Some 1,200 prisoners, including convicted murderers and al Qaeda members, walked out of a Yemeni jail when fighting led guards to abandon their posts. The jail break is the latest example of instability in Yemen.
Warring factions disputed who was responsible for the release of roughly 1,200 prisoners from a jail in Taiz, Yemen's third largest city.
State news agency Saba, controlled by the Houthis, said that al Qaeda fighters and militia members stormed the prison on Tuesday. But forces loyal to Yemeni President Abed Rabbo Mansour Hadi said it was the Houthi rebels who threw open the prison's doors to cover their withdrawal from the city as the pro-government's Popular Resistance Committees advanced on the city.
The jail break marks the third time convicts have been freed from Yemeni prisons since as Saudi-led air campaign targeting Houthi fighters began in late March. Militants from al Qaeda's branch in Yemen, al Qaeda in the Arabian Peninsula (AQAP) released some300 prisoners from their cells
in the port city of Mukalla in April, and Houthis allegedly freed inmates in the southwestern city of Dhale.
Taiz was overtaken in March by the Shiite Houthi rebels, who are thought to be supported by Iran and are fighting to reinstate former Yemeni President Ali Abdullah Saleh. Al Qaeda and other Sunni extremists, including militants from "Islamic State" (IS), have vowed to kill Shiite Muslims, who IS considers heretics, not only in Yemen but across the Middle East.
Fertile ground for terrorists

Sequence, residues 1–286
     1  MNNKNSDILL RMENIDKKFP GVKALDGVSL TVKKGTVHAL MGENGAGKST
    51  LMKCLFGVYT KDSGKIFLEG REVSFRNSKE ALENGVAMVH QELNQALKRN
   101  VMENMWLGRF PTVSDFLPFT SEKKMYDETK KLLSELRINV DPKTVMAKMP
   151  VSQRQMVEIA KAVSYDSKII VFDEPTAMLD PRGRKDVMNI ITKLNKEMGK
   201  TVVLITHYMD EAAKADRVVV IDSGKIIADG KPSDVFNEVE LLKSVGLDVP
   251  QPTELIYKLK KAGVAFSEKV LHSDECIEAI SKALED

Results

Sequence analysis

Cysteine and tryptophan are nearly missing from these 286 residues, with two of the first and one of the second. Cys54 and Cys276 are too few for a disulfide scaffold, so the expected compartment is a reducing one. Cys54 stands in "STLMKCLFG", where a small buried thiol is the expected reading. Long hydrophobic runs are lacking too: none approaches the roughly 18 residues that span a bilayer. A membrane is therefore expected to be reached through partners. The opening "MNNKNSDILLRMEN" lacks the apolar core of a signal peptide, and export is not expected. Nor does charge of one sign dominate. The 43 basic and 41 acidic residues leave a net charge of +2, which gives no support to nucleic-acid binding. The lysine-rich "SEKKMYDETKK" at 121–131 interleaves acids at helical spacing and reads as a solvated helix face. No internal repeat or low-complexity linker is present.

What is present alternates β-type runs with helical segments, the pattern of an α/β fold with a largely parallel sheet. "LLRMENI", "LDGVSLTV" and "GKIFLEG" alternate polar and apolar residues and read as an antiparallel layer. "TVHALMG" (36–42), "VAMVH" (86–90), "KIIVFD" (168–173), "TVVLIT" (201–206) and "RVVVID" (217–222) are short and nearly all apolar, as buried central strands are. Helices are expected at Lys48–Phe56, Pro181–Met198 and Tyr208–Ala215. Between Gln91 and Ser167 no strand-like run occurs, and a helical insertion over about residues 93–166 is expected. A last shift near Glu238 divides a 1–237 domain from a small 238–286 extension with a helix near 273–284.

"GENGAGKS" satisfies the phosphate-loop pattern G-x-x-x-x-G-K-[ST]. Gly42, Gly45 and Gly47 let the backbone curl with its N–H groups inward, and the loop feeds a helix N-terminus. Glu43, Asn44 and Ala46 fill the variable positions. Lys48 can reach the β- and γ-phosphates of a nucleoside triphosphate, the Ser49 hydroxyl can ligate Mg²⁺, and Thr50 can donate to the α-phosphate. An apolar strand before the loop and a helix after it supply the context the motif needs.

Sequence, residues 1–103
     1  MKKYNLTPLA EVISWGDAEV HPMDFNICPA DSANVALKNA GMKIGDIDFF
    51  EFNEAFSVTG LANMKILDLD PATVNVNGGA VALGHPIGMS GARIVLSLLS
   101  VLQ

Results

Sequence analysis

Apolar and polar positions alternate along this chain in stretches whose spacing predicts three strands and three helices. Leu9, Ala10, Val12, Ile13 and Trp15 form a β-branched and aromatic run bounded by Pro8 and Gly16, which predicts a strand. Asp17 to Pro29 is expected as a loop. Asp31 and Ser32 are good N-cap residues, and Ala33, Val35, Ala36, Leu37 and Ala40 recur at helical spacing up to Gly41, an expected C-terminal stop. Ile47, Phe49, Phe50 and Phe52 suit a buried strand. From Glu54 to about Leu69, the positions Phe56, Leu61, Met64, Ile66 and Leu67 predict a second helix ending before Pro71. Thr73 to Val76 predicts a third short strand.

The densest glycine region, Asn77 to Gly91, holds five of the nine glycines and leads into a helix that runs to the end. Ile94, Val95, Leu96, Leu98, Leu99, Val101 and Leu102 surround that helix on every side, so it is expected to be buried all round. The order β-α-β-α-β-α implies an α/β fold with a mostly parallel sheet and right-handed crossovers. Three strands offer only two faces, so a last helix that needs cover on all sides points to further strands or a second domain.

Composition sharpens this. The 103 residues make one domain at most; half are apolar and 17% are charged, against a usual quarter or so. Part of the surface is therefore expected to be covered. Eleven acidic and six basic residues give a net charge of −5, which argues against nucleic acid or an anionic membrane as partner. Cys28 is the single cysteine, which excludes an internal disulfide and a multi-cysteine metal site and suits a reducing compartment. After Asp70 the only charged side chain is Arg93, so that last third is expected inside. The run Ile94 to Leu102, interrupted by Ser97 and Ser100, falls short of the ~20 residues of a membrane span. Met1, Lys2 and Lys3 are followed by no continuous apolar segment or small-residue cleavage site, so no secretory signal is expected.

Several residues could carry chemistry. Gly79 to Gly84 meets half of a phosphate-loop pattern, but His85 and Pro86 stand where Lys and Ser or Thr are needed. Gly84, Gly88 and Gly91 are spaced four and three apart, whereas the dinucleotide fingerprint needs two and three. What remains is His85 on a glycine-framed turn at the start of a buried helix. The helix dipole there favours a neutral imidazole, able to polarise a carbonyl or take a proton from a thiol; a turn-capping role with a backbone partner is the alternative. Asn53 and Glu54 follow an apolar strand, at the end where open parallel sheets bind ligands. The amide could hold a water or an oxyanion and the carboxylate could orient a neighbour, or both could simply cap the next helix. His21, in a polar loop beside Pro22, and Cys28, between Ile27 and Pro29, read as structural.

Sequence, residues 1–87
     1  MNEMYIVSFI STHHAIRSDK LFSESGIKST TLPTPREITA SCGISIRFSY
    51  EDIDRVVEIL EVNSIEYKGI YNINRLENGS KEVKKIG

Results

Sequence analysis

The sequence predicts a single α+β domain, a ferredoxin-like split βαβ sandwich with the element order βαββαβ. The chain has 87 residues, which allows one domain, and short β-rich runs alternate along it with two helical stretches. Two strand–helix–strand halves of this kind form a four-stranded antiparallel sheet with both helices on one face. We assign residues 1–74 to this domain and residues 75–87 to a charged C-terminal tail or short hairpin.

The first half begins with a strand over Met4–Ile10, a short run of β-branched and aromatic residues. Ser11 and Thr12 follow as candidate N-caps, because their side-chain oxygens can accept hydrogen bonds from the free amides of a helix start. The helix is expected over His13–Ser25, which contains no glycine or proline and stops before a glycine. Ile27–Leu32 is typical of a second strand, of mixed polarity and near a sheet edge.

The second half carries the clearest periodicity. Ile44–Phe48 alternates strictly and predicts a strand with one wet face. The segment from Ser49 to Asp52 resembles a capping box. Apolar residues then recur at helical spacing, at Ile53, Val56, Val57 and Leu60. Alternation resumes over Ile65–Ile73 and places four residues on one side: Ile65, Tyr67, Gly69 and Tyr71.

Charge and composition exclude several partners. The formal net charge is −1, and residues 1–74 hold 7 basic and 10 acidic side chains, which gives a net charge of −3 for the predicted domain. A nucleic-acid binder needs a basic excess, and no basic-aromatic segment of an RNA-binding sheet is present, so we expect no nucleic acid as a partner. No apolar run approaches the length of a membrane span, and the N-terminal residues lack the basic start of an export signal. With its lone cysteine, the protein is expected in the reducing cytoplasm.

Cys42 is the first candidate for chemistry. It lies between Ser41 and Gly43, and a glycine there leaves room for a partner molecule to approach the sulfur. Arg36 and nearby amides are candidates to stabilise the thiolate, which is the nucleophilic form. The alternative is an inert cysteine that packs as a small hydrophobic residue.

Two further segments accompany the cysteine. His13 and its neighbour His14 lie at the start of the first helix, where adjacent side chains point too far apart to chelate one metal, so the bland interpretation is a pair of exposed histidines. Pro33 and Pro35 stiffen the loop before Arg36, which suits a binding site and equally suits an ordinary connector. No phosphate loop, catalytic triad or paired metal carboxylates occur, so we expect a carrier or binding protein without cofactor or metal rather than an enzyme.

Houthi rebels have taken control of swathes of northern Yemen since launching an offensive last July that forced Hadi to flee to Saudi Arabia. Their advance and ongoing conflict in Yemen has led to increased instability that is proving to be fertile ground for violent extremists.
Al Qaeda long found Yemen to be a safe haven for their militants but the terrorist group has recently come under increasing pressure from jihadi rivals "Islamic State." Most recently,at least 28 people were killed in an IS attack
in the capital, Sanaa.
Saudi Arabia has led airstrikes in an attempt to rout the Houthis and allow Hadi, currently in exile in Saudi Arabia, to re-establish control over the country. Airstrikes and fighting on the ground have left over 1,000 people dead and displaced more than 1 million as access to food, clean water and medical supplies has become increasingly scarce.Human Rights Watch has reported that Saudi-led airstrikes
that destroyed houses, markets and a school and killed dozens in May could constitute war crimes.Peace talks sponsored by the United Nations
in June failed to bring the warring sides any closer together.
sms/jr (AP, AFP, dpa)